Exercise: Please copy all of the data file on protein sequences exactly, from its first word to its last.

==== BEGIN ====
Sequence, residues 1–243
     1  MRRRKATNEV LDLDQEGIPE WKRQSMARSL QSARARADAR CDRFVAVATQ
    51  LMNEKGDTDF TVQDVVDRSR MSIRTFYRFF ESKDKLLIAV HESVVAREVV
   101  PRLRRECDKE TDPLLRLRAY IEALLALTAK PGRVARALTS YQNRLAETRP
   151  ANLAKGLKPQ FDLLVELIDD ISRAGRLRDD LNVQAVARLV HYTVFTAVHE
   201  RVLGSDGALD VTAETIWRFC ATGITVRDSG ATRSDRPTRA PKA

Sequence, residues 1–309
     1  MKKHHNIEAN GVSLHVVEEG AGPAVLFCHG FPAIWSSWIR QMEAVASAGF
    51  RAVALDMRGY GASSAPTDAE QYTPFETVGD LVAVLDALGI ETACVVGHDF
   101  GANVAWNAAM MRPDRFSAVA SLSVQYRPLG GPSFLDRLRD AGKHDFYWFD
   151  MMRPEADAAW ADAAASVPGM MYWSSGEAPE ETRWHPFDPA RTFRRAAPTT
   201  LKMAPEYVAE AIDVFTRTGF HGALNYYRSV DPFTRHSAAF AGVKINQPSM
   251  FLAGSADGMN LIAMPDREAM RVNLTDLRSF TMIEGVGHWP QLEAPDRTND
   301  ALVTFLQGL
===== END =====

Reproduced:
Sequence, residues 1–243
     1  MRRRKATNEV LDLDQEGIPE WKRQSMARSL QSARARADAR CDRFVAVATQ
    51  LMNEKGDTDF TVQDVVDRSR MSIRTFYRFF ESKDKLLIAV HESVVAREVV
   101  PRLRRECDKE TDPLLRLRAY IEALLALTAK PGRVARALTS YQNRLAETRP
   151  ANLAKGLKPQ FDLLVELIDD ISRAGRLRDD LNVQAVARLV HYTVFTAVHE
   201  RVLGSDGALD VTAETIWRFC ATGITVRDSG ATRSDRPTRA PKA

Sequence, residues 1–309
     1  MKKHHNIEAN GVSLHVVEEG AGPAVLFCHG FPAIWSSWIR QMEAVASAGF
    51  RAVALDMRGY GASSAPTDAE QYTPFETVGD LVAVLDALGI ETACVVGHDF
   101  GANVAWNAAM MRPDRFSAVA SLSVQYRPLG GPSFLDRLRD AGKHDFYWFD
   151  MMRPEADAAW ADAAASVPGM MYWSSGEAPE ETRWHPFDPA RTFRRAAPTT
   201  LKMAPEYVAE AIDVFTRTGF HGALNYYRSV DPFTRHSAAF AGVKINQPSM
   251  FLAGSADGMN LIAMPDREAM RVNLTDLRSF TMIEGVGHWP QLEAPDRTND
   301  ALVTFLQGL